While the drive from Philadelphia to Little Tinicum Island, in Delaware County, takes only 30 minutes, it provides travelers with hundreds of points of interest. It is the same route taken by Revolutionary War General Jean-Baptiste Donatien de Vimeur, Comte de Rochambeau, who marched his French troops through Philadelphia to Baltimore to join forces with Gen. George Washington at Yorktown. The Delaware River Valley, once home of the Okehocking, a tribe of Lenni Lenape Native Americans, called “The Delawares” by English settlers, is the home to the first Pennsylvania settlement founded by Swedes, in 1638, prior to the arrival of William Penn in 1682. Today, visitors can experience everything from dinosaurs to a modern casino.

Getting There

From Philadelphia, take I-676 East onto the Vine Street Expressway, keeping right at the fork and following signs for I-95 S/Chester/Philadelphia International Airport. Merge onto I-95 South and take exit 9A to merge onto PA-420 S/Wanamaker Avenue toward Essington. Turn left onto PA-291 east and take the first right onto Jansen Avenue a, then a left onto Front Street. Continue onto Poulson Avenue, which will take you to Essington, Pa. Little Tinicum Island is located in the Delaware River.

Little Tinicum Island
Delaware River
William Penn State Forest
(610) 582-9660

Price: free

Little Tinicum Island, part of the Pennsylvania Bureau of Forestry, consists of scrub forest and areas with a variety of vegetation, including wild rice, water hemp ragweed and Walter’s barnyard grass. It is ringed by tidal freshwater wetlands that are perfect for exploring. Don’t miss the John Heinz National Wildlife Refuge and Gov. Printz Park, the site of the first permanent European settlement in Pennsylvania, which served as the capital of New Sweden in the mid-17th century. A bit farther up the river is Lazaretto, known as the Ellis Island of Pennsylvania. Camping is permitted on the island.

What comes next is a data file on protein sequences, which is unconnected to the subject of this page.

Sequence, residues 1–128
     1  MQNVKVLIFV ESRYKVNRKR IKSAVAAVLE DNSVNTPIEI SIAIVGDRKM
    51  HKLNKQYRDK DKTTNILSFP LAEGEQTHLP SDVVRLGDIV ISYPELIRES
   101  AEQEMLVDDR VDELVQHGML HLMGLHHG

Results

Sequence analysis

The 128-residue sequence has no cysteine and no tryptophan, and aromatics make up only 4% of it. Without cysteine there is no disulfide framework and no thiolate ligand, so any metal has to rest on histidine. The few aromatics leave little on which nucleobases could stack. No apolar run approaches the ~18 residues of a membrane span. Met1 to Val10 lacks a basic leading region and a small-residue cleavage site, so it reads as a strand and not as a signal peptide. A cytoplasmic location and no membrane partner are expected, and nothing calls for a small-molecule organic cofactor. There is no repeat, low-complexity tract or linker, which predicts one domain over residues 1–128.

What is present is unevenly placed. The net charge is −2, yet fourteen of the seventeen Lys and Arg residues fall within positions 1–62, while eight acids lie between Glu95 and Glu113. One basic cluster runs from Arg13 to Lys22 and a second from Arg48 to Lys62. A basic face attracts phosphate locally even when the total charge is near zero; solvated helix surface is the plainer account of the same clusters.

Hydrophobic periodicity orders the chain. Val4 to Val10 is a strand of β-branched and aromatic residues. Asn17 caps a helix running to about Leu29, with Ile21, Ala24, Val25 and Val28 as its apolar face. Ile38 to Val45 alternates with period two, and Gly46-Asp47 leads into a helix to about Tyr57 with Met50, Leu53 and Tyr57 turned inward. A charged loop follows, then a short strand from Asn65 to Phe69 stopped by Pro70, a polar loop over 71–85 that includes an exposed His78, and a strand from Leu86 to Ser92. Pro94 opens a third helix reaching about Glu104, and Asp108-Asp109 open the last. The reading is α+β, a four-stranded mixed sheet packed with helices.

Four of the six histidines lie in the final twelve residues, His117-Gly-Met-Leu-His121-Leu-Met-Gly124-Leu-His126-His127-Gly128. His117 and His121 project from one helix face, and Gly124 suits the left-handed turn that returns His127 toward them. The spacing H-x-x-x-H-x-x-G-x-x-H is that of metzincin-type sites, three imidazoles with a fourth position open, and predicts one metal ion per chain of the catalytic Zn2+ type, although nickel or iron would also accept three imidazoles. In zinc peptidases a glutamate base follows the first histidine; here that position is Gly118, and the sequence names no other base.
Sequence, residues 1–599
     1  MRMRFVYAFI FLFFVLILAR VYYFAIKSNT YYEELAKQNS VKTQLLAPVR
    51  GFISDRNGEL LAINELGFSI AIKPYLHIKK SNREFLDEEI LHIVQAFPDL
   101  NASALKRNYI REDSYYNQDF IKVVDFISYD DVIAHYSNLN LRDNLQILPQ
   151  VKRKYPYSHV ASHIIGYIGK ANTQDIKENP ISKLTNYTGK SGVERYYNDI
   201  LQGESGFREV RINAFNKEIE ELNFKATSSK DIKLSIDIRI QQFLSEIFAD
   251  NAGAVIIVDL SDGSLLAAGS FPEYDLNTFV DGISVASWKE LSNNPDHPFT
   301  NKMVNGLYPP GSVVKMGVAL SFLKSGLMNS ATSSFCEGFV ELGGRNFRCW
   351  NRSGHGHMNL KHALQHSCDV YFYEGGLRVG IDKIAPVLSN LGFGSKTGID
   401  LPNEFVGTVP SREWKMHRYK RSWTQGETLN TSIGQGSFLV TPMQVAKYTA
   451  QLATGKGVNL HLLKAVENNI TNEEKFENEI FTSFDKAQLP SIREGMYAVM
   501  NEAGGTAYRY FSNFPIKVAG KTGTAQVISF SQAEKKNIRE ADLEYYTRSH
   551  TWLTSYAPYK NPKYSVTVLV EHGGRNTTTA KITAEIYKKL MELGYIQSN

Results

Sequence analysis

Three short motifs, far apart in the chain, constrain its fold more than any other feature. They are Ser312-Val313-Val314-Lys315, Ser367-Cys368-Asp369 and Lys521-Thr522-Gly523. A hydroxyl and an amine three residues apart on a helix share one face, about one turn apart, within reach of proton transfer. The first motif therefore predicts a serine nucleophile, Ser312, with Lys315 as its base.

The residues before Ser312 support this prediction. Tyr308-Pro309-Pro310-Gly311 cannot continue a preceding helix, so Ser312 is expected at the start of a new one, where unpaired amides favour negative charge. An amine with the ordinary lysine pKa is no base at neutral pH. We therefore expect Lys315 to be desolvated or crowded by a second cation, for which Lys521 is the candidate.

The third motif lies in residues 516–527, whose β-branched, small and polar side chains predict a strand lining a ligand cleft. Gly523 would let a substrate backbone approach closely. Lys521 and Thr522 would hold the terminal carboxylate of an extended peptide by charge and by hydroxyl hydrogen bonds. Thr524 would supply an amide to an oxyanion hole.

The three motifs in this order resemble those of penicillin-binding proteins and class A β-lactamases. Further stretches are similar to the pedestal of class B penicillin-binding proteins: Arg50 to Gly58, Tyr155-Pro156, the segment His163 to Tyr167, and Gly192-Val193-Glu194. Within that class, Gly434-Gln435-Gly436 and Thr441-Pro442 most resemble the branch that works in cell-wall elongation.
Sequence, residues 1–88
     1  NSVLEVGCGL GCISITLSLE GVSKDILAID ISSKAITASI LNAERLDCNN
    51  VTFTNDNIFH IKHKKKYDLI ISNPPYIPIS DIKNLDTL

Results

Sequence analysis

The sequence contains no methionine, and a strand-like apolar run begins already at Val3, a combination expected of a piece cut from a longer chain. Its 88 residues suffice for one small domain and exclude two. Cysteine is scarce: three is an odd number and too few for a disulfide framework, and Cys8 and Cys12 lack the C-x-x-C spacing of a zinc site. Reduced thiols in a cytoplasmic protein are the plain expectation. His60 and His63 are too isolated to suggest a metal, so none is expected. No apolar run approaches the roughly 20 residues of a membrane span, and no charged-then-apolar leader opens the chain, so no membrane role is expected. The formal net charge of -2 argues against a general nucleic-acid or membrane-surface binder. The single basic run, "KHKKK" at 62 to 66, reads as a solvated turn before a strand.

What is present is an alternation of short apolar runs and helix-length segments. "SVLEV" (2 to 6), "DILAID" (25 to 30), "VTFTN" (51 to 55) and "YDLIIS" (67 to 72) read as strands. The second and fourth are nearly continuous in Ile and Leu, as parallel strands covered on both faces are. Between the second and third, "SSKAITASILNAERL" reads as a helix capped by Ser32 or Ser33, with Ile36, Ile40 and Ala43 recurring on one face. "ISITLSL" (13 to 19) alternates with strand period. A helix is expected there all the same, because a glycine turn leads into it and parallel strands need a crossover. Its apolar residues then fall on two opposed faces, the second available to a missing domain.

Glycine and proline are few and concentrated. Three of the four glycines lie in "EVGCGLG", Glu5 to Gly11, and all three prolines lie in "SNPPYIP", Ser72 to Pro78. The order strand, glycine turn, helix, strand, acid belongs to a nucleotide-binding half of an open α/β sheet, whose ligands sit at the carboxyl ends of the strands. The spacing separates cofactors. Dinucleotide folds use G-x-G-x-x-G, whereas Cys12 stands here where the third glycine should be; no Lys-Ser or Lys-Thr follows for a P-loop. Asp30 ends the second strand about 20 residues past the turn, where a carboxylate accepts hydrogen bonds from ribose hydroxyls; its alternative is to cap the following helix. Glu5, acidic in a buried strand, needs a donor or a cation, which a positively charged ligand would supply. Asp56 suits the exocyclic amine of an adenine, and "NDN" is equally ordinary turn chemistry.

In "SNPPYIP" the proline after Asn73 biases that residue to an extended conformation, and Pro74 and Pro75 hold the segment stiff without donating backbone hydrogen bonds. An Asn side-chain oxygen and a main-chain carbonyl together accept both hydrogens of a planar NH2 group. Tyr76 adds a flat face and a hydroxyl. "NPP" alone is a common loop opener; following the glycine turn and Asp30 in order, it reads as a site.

Photo Credit: Harrah’s Chester (www.harrahschester.com)

Harrah’s Philadelphia Casino & Racetrack
777 Harrah’s Boulevard
Chester, PA 19013
(800) 480-8020

With 100,000 square feet of gaming space, Harrah’s Philadelphia offers guests classic slot machines, such as Wheel of Fortune, Jackpot Party, World Series of Poke and Electronic Blackjack. If classic blackjack or poker are your forte, Harrah’s offers a 35-table World Series of Poker room. Craps, roulette, baccarat and other table games are available. Take a break from the gaming tables to dine at one of the restaurants and bars, ranging from End Zone Sports Bar & Grill to the bounty of Temptations Buffet. The Cove offers a Tuscan-inspired dinner menu and a signature tapas menu at the Cover bar. A relatively new cuisine option is provided by Mien, which features Asian favorites such as Vietnamese pho soup and five-spice beef, along with entrees including Korean beef short rib and xo fried rice. After a satisfying and relaxing meal, take in harness racing on one of the fastest 5/8-mile tracks in North America. When dusk arrives, take in a live show featuring many of the country’s favorite comedians, singers and bands.

Photo Credit: Dino Don’s Dinosaurium/Facebook

Dino Don’s Dinosaurium
1067 W. Baltimore Pike
Granite Run Mall (lower Level)
Media, PA 19063
(484) 442-8401

Price: $5 adults, children and seniors/free children 2 and younger

Whether you’re a child or an adult, if you dig dinosaurs, you should visit Dino Don’s Dinosaurium in Media, Pa., where you may actually dig for fossils and keep what you find. The creation of Dino Don Lessem, the author of more than 50 books on dinosaurs and natural history, the Dinosaurium features skulls of tyrannosaurs rex, allosaurus, albertosaurus, deinonychus and velociraptor. The dinosaur skeleton collection includes a carnivorous, 30-foot yanchuanosaurus, a carnivorous 15-foot sichuanosaurus, a 17-foot carnivorous monolophosaurus, a seven-foot carnivorous velociraptor (made famous in the Jurassic Park movies) and two herbivores–a six-foot bactosaurus and an 18-foot yunnanosaurus. There are a number of interactive exhibits, including a touchable collection of dinosaur teeth and claws, the Dino Dig Pit, Dino Hunters Shooting Gallery for kids, and the Jurassic Park Dino, which includes tyrannosaurs rex, triceratops and stegosaurus.